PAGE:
No, this isn’t happening tomorrow,  she said but must be done at some point. Communication with affected residents, obtaining grant monies, understanding the full scope of the project, figuring out financing and viable funding sources all need to be done before pipe replacement can occur. The city of Buffalo has committed in the neighborhood of $15 million for its replacement project, she said.

“This is something that is going to be an enormous project for the city to undertake … it's something we're working on. And we are going to be starting with (former City Manager) Jason's plans. So again, this wasn't something we knew about in 2017. It wasn't on our radar. But I think it's very important that it's on the radar now,” she said.

And the upside …
All of that being said, she also pointed to the positives of city projects, total investments and being able to track those investments as part of a “$100 million I’m all in” initiative that began with former City Manager Jason Molino. In 2017, the city committed to creating at least $100 million of investment by 2022 to revitalize downtown and “reclaim the vibrancy of Batavia.”

“And the goal of this was to try to extract the investment from not only the commercial and residential building projects that went on in the city, but also any public infrastructure monies that were spent in the city,” she said. “We have $132 million invested, and that includes the completed investments and those currently under construction added together. So I think the city has done a wonderful job of fostering this investment and also tracking it. I don't know that any other city has a similar tracking system as we do.”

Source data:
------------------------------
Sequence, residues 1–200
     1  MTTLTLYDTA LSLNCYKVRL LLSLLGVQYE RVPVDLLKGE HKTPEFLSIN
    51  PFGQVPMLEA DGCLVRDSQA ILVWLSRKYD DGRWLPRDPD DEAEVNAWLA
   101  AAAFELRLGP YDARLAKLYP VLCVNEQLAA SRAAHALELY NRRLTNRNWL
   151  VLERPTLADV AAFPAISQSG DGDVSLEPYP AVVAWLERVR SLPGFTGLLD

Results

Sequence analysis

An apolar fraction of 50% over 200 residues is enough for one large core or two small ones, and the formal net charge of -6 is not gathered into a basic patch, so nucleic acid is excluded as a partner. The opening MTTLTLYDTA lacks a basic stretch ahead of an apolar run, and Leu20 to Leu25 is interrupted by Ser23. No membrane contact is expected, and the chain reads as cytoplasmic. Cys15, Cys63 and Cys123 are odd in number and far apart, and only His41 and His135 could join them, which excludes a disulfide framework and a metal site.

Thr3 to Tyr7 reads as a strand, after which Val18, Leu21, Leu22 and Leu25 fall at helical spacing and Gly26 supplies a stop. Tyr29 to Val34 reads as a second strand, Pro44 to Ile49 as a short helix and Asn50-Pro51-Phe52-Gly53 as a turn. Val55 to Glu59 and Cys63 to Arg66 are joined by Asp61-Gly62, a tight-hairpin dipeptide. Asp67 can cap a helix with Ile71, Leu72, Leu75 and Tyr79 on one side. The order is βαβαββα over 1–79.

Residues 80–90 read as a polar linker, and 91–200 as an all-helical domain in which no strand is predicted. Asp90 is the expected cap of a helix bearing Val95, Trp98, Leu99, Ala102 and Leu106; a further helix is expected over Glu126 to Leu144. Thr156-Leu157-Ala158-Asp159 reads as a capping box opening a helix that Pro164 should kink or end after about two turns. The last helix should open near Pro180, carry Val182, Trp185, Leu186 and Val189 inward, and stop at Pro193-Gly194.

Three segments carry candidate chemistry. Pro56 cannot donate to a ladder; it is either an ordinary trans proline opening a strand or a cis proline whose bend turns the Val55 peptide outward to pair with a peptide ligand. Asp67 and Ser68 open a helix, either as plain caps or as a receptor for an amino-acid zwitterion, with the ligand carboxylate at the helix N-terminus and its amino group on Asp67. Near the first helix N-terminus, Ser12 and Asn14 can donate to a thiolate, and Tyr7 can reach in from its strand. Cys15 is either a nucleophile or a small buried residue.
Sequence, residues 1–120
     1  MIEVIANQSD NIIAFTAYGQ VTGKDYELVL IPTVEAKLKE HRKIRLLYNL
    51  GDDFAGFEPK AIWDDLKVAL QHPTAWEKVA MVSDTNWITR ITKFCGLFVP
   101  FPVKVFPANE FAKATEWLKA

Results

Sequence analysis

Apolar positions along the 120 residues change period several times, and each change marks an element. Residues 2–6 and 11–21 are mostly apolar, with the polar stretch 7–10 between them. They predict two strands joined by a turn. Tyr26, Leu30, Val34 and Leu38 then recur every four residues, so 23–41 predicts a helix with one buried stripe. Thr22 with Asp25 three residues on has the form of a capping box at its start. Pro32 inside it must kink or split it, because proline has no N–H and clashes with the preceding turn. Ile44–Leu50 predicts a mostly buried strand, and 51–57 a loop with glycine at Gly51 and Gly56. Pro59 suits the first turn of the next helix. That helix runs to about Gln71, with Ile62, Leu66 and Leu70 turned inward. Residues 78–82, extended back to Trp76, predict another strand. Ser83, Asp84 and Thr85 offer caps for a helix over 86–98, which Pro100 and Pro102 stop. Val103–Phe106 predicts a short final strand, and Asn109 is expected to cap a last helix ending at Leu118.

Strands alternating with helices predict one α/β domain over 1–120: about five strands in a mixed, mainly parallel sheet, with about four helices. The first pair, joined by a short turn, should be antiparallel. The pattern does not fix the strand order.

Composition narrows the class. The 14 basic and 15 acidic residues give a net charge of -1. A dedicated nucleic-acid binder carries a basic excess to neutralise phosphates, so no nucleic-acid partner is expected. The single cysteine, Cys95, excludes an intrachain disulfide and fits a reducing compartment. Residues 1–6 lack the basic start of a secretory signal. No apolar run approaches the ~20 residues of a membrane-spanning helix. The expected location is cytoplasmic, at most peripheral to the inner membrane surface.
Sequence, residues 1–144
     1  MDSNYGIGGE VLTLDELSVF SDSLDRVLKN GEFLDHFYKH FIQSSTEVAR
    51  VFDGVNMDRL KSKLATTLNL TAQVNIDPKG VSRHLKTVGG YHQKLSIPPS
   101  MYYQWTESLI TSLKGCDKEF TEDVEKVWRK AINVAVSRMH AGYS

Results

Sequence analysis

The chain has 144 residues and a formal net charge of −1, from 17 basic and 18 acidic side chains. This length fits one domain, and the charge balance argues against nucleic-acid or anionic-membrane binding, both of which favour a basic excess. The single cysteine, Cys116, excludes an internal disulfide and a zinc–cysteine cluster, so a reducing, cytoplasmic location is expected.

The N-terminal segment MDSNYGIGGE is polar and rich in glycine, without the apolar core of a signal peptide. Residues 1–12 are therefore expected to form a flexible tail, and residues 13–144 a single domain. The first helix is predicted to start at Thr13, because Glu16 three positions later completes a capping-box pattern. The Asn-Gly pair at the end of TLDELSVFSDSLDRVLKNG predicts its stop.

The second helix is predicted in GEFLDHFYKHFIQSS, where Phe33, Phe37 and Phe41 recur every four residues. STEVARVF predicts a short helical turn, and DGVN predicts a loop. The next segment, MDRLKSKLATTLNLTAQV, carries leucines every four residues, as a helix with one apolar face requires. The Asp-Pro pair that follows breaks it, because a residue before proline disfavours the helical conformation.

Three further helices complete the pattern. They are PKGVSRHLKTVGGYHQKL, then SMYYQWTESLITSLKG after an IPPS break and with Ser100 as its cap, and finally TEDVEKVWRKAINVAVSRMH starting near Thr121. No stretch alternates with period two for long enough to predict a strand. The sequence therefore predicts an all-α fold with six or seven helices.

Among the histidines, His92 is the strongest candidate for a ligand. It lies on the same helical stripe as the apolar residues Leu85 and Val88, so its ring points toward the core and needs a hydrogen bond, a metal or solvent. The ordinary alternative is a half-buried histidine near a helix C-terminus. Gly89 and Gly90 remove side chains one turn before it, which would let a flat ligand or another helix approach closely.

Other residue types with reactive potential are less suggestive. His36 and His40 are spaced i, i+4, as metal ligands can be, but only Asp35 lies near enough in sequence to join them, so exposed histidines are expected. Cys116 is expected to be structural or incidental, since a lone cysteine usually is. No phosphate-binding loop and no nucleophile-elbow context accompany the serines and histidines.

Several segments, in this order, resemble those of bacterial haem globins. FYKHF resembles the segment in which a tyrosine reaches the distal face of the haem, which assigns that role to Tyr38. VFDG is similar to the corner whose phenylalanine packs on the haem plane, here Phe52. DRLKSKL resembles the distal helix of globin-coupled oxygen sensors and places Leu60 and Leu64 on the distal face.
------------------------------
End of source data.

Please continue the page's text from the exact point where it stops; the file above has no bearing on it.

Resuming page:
The most significant contributing properties to the city’s tax base are all downtown, she said, which demonstrates the importance of focusing on that segment of the city. Of the entire city base with 5,700 properties, 75 percent of those are taxable, with 25 percent being tax-exempt nonprofit and government sites. Current taxable value is at $669 million, with $220 million tax-exempt. She reminded the board that those tax-exempt properties “still pay water and sewer costs.”

The city lags behind the town of Batavia with a growth in assessed value at 26 percent to 49 percent, respectively. Completed projects from the 2017 comprehensive plans include Ellicott Trail, a downtown revitalization initiative, the commencement of the Ellicott Station project, securing infrastructures grants, building Liberty Square apartment complex, and focusing on upper floor apartments.

“We secured a lot of infrastructure grants over the last few years. Liberty Square was built so that addresses housing for all different types of populations. Our upper floor apartments have been built, a lot of the building fund projects that were part of the DRI and through another subsequent Main Street Grant,” she said.